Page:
DeAndre Jordan can ice the aching feet. He can wrap the tired knees.
Soothing his newest defensive asset requires a more creative remedy.
“A lot of tea,” the Clippers center said late Saturday night. “Something with a lot of honey in it.”
That’s right, nothing says quality defense quite like Jordan’s motormouth, which is running from the opening tip to the final buzzer.
Just go to a Clippers game and listen. He’s often talking on defense even before the ball crosses halfcourt, letting his teammates know what’s happening and what they need to do about it.
“I’m out front and I can’t see everything behind me,” Clippers point guard Chris Paul said. “On the defensive end, D.J. is in charge and he’s doing a great job of navigating and telling us where to be.”
Consider it Doc’s orders. New Clippers Coach Doc Rivers has told Jordan he wants him to be extremely vocal as part of his efforts to become the NBA’s top defender.
Jordan judges his success by whether he’s hoarse after games. If he still has his voice, he reasons, he hasn’t been chatty enough.
His play has also given teammates plenty to talk about. He is on pace to obliterate his previous career bests in almost every meaningful category, averaging 11.5 points, 13.2 rebounds and 2.2 blocks per game.
He rolled up 16 rebounds, a season-high five blocks and enough vocalization to leave him speaking at almost a whisper after helping the Clippers hold on for a 110-103 victory over the Brooklyn Nets on Saturday.
“I’m screaming pretty much the whole game,” Jordan said. “But as long as that keeps us on a string and everybody knows where to go, as long as they hear my voice, then I’m doing my job.”
Jordan is also making 43.9% of his free throws, an improvement from the 38.6% accuracy of last season, and is a more regular participant in fourth quarters.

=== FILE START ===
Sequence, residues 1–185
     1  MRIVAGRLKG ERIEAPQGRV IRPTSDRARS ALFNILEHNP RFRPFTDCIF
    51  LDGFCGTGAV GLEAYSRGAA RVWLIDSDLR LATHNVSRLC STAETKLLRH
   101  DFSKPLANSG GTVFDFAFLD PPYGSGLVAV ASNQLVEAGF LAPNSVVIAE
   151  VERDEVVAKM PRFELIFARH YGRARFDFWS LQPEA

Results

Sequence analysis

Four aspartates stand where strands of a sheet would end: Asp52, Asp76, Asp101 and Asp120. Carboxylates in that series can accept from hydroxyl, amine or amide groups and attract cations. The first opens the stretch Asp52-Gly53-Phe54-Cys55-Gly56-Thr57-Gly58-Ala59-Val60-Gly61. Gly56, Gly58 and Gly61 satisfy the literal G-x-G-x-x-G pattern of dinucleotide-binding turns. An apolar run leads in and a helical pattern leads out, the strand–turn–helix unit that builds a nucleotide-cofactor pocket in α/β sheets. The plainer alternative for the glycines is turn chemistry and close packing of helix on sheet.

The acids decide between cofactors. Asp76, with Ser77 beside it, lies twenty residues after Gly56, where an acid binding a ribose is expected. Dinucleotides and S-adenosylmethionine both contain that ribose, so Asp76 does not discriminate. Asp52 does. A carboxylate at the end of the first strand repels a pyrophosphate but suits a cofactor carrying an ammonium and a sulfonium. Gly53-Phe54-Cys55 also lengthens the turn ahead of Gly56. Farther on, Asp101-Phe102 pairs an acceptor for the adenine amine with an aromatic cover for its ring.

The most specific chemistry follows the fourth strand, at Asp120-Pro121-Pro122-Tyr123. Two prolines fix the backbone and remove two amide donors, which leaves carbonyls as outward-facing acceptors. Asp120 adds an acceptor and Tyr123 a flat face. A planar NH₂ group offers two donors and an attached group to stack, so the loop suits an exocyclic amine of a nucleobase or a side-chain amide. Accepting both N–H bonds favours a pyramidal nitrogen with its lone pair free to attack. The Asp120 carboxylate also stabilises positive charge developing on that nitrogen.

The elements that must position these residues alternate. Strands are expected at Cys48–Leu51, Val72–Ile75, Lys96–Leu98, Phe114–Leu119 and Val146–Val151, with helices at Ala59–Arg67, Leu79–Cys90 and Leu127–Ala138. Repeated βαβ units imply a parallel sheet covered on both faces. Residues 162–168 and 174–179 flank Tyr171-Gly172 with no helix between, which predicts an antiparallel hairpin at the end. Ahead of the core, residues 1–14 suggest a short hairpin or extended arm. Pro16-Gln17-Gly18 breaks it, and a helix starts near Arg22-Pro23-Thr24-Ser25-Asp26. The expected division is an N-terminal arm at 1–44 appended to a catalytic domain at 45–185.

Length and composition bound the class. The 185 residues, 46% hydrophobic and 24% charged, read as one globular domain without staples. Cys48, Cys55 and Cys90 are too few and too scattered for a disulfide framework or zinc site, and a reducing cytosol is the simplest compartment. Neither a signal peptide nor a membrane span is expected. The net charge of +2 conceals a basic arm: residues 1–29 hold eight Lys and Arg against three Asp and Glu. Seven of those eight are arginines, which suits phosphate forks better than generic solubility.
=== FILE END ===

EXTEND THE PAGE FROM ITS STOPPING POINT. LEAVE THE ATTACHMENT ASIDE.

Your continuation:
After playing in only 30 of 82 fourth quarters last season, Jordan has appeared in all 10 this season heading into the Clippers’ game against the Memphis Grizzlies on Monday at Staples Center. He’s averaging 7.7 minutes per game in the fourth quarters, up from 5.0 minutes last season.
Not that opponents have changed their late-game tactics against him. He has been intentionally fouled in the second half of the Clippers’ last three games, prompting Rivers to yank him twice.
Brooklyn’s Reggie Evans grabbed Jordan with 4 minutes 25 seconds left in the fourth quarter Saturday and the Nets trailing the Clippers, 92-90. Jordan made one of two free throws and then departed with 4:11 remaining after Rivers called a timeout.
Jordan reentered with 1:19 left, never having pouted during his nearly three minutes on the bench.
“I’m very proud of D.J.,” Rivers said. “No. 1, when he comes out, he’s good. He doesn’t want to come out — he shouldn’t — but when he comes back in he has his focus. So nothing’s getting in his head. He still plays that same way, he blocks shots and he’s a smart basketball player.”
The 6-foot-11 Jordan was constantly in denial mode against the Nets, shadowing Evans as he drove into the lane and then swatting his shot with his left hand. Jordan later sent a Jason Terry jumper flying across the court and into the scorer’s table.
Jordan’s teammates have seen these displays in spurts but never with this kind of consistency. Jordan has scored at least eight points and grabbed at least eight rebounds in every game this season.
“The crazy thing about D.J. is, he’s been capable of this for a while,” Paul said of a player who at 25 is still in just his sixth NBA season. “I think for him, he just realizes he’s on the cusp of realizing his potential. He is unbelievable. There’s nobody who is as big and athletic and coordinated as him. He’s still going to continue to get better and better.”
The Clippers are still waiting for Jordan’s defensive prowess to become contagious. The team is giving up 105.7 points per game, third-highest in the league.
“We still have a lot of work to do and it’s not just one person,” Jordan said. “If we are all connected defensively, then it’s a team thing.”
Clippers center Ryan Hollins attributed Jordan’s putting everything together to realizing how much his team needs him to be at his best every game and to his trust in Rivers, the latter of which was on display after the game Saturday night
As Rivers walked past Jordan’s locker and yelled, “D.J.!”, Jordan immediately turned away from the reporters surrounding him to see what his coach wanted. Nothing, really.
“Take care,” Rivers said before disappearing through a door.
And with that, Rivers left the talking to Jordan, putting his team’s tallest orator back in a more comfortable spot.